Insurers cannot subrogate against their own insureds, even where the insured is defended by another insurer. In Rochon v. Rochon, 2015 ONCA 746, Francois Rochon (“Francois”) was found negligent for having started a fire in his parents’ garage while working on his car. The house was insured under a residential home owner’s insurance policy (the “Policy”) issued by Grenville Mutual Insurance Company (“Grenville”). Francois’ car was insured under an automobile policy of insurance issued by Economical Insurance (“Economical”). It was an agreed fact that the fire had been started as a result of Francois’ use or operation of his motor vehicle. After compensating the parents for the damage to the home, Grenville sought to subrogate and commence a claim against Francois, which was defended by Economical. As stated by the Court of Appeal, “from a practical perspective [the action] effectively involves a contest between Grenville and Economical”.
Status as an Insured
Grenville’s first argument was that Francois was not an insured under the Policy. The Policy defined the insured in terms “you” and “your”, which were defined to include the named insured and, while living in the same household, the relatives of the named insured. While on its face this would appear to include Francois, Grenville argued that the terms “you” and “your” were used inconsistently in its own Policy, such that in Section 1, the section addressing property damage caused by fire, the terms only applied to an insured making a claim. As Francois had made no claim, Grenville argued he was not an insured under Section 1, and so could be sued as had been held in Moraweitz v. Morawietz (1986), 18 C.C.L.I. 108.
The Court of Appeal disagreed. The Court held that because Francois was unambiguously included as an insured under the definition of “you” and “your”, he could not be excluded merely because of the inconsistent use of the terms in the Policy. Moreover, ambiguous coverage provisions are to be construed broadly against the insurer, which again favours Francois’ inclusion. The Court distinguished the Moraweitz decision, noting that in that case the defendant son was not an insured under the relevant section of the policy.
Grenville further sought to exclude Francois on the basis of privity because the Policy permitted only the named insured to take legal action against it. The Court of Appeal rejected the argument, holding that the absence of a right of action against the insurer did not make Francois any less an insured.
Grenville’s second argument was that Francois did not have an insurable interest in the garage, a prerequisite to coverage. Grenville’s argument contradicted the Supreme Court of Canada’s decision in Scott v. Wawanesa Mutual Insurance Co.,  1 S.C.R. 1445, which Grenville tried to distinguish on policy grounds.
In Scott, the Supreme Court of Canada found that a dependent living with his parents had an insurable interest in the home shared with his parent. In Scott, however, the insurable interest was found to deny coverage. The son had deliberately started a fire in his home, and the policy contained an exclusion for property damage deliberately caused by an insured. If the dependent in Scott had not had an insurable interest, he would not have been an insured and the exclusion would not have applied.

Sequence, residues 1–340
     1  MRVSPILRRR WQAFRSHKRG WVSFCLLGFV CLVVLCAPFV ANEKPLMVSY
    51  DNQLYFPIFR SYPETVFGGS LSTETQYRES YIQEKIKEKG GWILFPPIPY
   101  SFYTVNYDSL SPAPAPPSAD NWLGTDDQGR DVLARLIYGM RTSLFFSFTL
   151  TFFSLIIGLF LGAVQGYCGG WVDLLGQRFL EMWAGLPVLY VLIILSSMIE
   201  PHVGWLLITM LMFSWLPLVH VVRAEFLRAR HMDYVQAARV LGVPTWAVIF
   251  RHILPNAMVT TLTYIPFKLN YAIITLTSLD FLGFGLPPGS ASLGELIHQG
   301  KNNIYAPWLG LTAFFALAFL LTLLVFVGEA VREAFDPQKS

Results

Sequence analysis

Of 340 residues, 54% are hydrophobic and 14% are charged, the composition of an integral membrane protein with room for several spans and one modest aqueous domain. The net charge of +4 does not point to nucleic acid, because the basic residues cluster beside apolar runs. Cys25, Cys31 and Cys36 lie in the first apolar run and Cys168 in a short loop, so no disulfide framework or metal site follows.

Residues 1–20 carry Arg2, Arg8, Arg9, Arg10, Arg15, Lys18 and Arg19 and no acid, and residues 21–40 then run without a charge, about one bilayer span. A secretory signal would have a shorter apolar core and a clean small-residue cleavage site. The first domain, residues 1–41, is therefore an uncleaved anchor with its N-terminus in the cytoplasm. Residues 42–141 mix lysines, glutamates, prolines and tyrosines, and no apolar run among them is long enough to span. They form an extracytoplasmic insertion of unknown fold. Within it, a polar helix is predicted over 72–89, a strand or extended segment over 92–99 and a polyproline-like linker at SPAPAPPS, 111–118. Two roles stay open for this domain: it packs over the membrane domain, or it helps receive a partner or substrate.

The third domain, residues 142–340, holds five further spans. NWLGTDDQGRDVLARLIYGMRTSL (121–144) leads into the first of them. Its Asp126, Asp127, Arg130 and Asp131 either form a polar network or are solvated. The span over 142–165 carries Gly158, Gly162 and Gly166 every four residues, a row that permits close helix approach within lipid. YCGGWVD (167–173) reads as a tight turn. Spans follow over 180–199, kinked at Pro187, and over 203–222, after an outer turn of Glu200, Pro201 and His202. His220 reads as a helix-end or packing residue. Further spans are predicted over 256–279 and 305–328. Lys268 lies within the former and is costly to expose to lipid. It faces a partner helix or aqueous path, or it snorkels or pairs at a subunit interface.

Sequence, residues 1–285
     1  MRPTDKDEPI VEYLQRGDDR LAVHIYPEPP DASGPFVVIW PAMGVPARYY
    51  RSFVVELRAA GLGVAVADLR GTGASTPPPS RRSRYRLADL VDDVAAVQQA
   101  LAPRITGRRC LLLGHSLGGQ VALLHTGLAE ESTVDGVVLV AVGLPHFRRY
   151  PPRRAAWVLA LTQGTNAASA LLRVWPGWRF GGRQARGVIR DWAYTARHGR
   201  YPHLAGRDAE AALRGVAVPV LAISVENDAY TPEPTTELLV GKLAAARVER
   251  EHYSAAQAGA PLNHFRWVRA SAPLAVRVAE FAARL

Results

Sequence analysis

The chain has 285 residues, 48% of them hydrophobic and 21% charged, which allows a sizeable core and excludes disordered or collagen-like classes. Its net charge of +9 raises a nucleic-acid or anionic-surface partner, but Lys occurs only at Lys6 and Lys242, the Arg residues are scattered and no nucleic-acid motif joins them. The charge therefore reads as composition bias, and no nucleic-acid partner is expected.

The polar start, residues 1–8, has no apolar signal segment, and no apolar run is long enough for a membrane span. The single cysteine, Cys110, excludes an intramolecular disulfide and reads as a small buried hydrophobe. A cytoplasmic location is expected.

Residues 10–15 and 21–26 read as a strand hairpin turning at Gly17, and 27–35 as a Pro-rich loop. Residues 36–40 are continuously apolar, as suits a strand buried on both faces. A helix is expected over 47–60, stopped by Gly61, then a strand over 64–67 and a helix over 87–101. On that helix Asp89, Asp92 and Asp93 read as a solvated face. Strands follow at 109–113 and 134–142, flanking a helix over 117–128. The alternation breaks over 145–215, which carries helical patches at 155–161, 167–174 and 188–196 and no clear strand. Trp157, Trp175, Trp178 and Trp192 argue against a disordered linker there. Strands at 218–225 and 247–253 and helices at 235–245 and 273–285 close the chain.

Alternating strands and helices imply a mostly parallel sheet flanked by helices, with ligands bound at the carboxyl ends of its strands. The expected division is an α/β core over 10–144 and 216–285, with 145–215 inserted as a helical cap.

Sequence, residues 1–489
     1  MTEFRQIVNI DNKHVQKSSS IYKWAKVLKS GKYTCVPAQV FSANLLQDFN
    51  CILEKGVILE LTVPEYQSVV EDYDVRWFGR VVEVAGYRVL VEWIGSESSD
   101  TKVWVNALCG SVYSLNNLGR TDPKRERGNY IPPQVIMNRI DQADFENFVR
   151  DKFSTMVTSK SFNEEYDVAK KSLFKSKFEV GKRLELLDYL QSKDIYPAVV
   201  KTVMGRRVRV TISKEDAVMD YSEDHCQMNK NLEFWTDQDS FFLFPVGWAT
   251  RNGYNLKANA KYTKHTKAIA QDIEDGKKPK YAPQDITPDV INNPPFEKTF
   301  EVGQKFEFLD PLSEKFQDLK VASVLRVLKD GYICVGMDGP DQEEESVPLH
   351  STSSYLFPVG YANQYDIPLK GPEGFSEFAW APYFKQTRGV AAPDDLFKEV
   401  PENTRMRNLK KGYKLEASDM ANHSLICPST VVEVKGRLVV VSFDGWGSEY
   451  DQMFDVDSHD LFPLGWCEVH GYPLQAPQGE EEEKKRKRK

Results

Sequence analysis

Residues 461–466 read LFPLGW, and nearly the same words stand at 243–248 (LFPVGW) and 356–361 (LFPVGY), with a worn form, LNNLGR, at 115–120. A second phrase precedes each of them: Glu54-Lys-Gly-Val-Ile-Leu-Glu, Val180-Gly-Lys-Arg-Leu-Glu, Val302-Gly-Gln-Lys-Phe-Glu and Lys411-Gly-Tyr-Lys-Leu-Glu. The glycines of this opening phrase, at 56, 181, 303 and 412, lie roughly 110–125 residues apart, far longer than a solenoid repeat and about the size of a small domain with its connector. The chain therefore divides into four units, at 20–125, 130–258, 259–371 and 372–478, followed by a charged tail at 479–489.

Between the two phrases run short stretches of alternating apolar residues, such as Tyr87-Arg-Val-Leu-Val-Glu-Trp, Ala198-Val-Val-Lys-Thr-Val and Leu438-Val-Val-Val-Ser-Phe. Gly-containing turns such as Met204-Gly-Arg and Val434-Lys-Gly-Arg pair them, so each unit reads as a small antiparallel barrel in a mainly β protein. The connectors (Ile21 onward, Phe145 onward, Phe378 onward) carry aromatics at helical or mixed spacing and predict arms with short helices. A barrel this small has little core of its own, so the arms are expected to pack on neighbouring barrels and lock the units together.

Grenville argued that the policy reasons at play in Scott, preventing collusion between insurers who have a common interest in covered property, were not relevant where the dispute was between two insurers.
The Court of Appeal, however, found that the decision in Scott was not informed by such policy considerations. Rather, the conclusion flowed from the application of the “factual expectancy” test for finding an insurable interest set out by the Supreme Court in Kosmopoulos v. Constitution Insurance Co. of Canada,  1 S.C.R. 2. The test provides that an insurable interest exists where, apart from the insurance contract itself, the insured would benefit or suffer from the continued existence or destruction of the subject-matter of the insurance. A dependent living with his parents clearly has such an interest, because he/she benefits from and relies on the home. Accordingly, Grenville’s policy argument was rejected.
The Anti-Subrogation Rule
Finally, Grenville attempted to displace the anti-subrogation rule based on policy grounds. The anti-subrogation rule is a long-standing principle that an insurer cannot subrogate against its own insured, notwithstanding how negligent the insured may have been in causing the loss. The rule was firmly established by the 1976 Supreme Court of Canada decision, Commonwealth Construction Co. Ltd. v. Imperial Oil Ltd. et al.,  1 S.C.R. 317, where the rule was applied to unnamed additional insureds under an all-risk builder’s policy.
Grenville argued that the policy reasons that underlie the anti-subrogation rule do not apply where in reality the insurer’s subrogated claim is being made against another insurer. The Court of Appeal, however, found that the policy of the anti-subrogation rule went against Grenville’s position. The purpose of subrogation is to avoid the overpayment of the insured. An insured cannot sue himself for his own negligence. Accordingly, permitting an insurer to subrogate against its own insured does not further the purpose of subrogation, and it makes no difference that the insured has insurance coverage to defend the claim.
The Court also noted that by agreeing to provide insurance, Grenville had contracted to take onto itself the very risk at issue. It could not now sue its own insured when the risk materialized.
 Ibid. at paras. 31-32, 37-40.
 Ibid. at paras. 42-44.
 Ibid. at para. 33.
 Ibid. at paras. 45-46.
 Ibid. at paras. 54-60, 64-68.
 Ibid. at para. 55.
 Ibid. at para. 72.
 Ibid. at para. 73.
 Ibid. at para. 73.
 Ibid. at para. 74.
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